As mentioned in a previous post - my latest fiction reading was The Quickening Maze by Adam Foulds. This book was shortlisted for the Booker Prize, and the Guardian review piqued my interest, so I checked our library catalogue to find that as usual they did not let me down. (In fact, our library seems to be excellent at stocking all fiction nominated for various literary prizes - unfortunately when it comes to poetry, it's another matter entirely).
The Quickening Maze is based on historical characters - it deals with the period in the life of the poet John Clare when he was a patient in the asylum of Dr Matthew Allen, a man who had progressive notions on the treatment of mental illness. Alfred Tennyson also features in the book , bringing his brother Septimus for treatment.
It was the story line featuring the two poets that intrigued me from the review, but in the end the highlight for me was not so much that poets were featured, but that Foulds is himself a poet, and that it shows in the language. Sensitive descriptions abound, but it is always appropriate to the story, and he doesn't let words run away with him to the extent that it detracts from the flow of the story.
For example the patient Margaret is visited by an imagined angel:
There were feathers in the clearing, three of them, connected at their shafts, a scrap of torn wing. They stood on one edge, shuddering like the sail of a toy boat in the breeze. Around them the dark leaves and frail flowers of bluebells that glowed here and there where the sun struck through.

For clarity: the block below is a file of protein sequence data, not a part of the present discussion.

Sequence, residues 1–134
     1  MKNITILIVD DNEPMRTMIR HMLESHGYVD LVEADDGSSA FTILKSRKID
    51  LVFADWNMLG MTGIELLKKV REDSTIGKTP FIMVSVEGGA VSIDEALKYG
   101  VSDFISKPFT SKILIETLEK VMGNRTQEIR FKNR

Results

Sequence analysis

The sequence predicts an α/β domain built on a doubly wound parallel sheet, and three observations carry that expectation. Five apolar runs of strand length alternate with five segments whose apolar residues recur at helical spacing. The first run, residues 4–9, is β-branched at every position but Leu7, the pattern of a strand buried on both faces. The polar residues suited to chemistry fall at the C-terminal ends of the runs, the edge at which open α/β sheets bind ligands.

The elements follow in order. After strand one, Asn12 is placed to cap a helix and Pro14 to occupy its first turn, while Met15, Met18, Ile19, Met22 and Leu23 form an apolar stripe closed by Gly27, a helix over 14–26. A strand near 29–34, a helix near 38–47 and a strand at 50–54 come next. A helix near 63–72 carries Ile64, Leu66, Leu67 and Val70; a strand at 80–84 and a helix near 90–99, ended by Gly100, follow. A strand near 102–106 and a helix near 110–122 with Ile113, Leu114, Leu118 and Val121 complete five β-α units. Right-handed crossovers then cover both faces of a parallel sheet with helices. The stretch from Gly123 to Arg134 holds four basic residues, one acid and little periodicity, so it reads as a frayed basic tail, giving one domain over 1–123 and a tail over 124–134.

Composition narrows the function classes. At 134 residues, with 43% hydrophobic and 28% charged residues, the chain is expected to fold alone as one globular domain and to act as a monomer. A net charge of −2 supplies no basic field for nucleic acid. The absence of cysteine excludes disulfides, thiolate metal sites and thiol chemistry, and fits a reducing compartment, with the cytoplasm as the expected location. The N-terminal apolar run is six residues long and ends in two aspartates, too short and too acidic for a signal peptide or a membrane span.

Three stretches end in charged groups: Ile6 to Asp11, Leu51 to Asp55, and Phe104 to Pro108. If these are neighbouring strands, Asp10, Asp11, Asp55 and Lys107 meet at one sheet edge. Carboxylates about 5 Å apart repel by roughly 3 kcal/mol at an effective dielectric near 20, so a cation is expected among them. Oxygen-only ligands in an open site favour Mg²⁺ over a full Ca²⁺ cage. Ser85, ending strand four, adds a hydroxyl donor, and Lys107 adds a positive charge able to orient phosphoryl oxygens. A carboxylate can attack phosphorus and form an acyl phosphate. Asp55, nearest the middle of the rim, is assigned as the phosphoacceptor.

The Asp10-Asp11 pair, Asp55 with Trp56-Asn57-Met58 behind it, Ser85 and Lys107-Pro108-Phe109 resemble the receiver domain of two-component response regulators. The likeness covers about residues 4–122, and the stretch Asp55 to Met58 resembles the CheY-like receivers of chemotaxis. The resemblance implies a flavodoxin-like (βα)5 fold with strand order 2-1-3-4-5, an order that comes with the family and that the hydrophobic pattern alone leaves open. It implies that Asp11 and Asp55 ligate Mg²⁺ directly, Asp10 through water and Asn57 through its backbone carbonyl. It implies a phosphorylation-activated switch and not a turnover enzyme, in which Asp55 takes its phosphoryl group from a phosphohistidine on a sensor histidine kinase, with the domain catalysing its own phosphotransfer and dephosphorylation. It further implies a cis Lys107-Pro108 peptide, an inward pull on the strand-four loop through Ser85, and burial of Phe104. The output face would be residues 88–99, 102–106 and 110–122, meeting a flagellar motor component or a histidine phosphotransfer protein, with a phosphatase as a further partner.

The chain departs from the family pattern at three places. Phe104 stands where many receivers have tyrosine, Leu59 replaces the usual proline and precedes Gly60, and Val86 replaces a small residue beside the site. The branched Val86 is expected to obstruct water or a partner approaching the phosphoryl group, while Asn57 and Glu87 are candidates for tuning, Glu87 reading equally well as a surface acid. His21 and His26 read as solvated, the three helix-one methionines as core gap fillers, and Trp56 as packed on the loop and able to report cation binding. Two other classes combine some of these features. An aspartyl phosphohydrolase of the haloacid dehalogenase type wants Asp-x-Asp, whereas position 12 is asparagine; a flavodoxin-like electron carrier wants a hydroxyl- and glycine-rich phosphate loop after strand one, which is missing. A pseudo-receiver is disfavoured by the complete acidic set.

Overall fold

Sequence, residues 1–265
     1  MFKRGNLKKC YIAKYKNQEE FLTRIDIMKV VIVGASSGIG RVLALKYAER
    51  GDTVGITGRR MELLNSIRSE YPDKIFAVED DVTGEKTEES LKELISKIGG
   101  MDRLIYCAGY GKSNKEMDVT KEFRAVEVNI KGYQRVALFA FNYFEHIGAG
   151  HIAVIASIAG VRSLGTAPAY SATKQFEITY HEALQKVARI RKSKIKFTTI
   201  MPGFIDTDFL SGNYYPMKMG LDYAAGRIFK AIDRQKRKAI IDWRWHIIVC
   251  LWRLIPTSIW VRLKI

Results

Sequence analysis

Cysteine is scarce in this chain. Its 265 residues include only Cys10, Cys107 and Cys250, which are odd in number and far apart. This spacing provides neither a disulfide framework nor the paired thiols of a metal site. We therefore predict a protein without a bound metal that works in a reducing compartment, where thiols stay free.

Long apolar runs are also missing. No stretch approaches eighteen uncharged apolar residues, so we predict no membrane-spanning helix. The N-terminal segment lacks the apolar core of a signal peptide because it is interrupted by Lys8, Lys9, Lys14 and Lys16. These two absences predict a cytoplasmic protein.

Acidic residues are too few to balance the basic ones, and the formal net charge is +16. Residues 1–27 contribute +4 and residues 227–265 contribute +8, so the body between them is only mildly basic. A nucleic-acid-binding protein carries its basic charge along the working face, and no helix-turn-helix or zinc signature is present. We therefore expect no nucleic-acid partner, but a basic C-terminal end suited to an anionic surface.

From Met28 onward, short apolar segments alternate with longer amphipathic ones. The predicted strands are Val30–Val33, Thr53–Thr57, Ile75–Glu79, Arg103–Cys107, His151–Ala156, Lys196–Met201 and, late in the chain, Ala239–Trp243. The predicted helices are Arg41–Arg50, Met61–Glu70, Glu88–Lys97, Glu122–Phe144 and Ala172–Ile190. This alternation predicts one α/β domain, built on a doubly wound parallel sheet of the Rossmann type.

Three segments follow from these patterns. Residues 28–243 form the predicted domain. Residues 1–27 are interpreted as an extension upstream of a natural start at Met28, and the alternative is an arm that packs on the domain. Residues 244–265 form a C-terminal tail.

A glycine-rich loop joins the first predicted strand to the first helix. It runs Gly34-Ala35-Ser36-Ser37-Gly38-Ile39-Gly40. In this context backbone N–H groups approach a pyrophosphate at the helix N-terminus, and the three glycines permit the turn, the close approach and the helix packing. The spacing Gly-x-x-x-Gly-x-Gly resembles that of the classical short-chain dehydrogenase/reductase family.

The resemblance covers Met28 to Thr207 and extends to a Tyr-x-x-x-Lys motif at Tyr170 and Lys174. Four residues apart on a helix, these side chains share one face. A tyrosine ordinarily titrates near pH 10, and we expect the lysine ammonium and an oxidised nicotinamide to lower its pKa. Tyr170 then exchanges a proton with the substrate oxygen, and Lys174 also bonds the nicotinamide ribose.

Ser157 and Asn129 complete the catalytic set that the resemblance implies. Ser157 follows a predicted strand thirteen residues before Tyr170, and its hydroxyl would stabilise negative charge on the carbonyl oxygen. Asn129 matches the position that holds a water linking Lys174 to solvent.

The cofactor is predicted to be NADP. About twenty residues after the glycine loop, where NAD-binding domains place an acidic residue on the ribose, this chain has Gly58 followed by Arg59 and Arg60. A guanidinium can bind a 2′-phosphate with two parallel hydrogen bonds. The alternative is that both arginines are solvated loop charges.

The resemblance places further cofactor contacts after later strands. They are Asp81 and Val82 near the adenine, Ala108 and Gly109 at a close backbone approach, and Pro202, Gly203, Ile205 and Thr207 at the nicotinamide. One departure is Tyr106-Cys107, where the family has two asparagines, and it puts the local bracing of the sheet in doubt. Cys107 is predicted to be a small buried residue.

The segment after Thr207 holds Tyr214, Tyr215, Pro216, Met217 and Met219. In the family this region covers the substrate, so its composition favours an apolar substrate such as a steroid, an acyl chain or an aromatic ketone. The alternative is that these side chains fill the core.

Margaret sat and heard the wind pouring in the leaves overhead. She had fallen in the river once, as a child, and heard the rushing deafness of drowning. But she had been saved. The flowing of the air around her seemed to intensify, to grow louder, until it was so powerful it reversed her breath. It almost lifted her from the ground.
The wind separated into thumps, into wing beats. An angel. An angel there in front of her. Tears fell like petals from her face.
Although it was the poetry connection that attracted me in the first place, what impressed me most was the handling of mental illness. Each of the patients is sensitively depicted, and each is quite unique, differing in their frailties and delusions from each other. It is not a long book, (unlike the eventual winner of the prize, Hilary Mantel's Wolf Hall, but I found it a many-layered and satisfying one.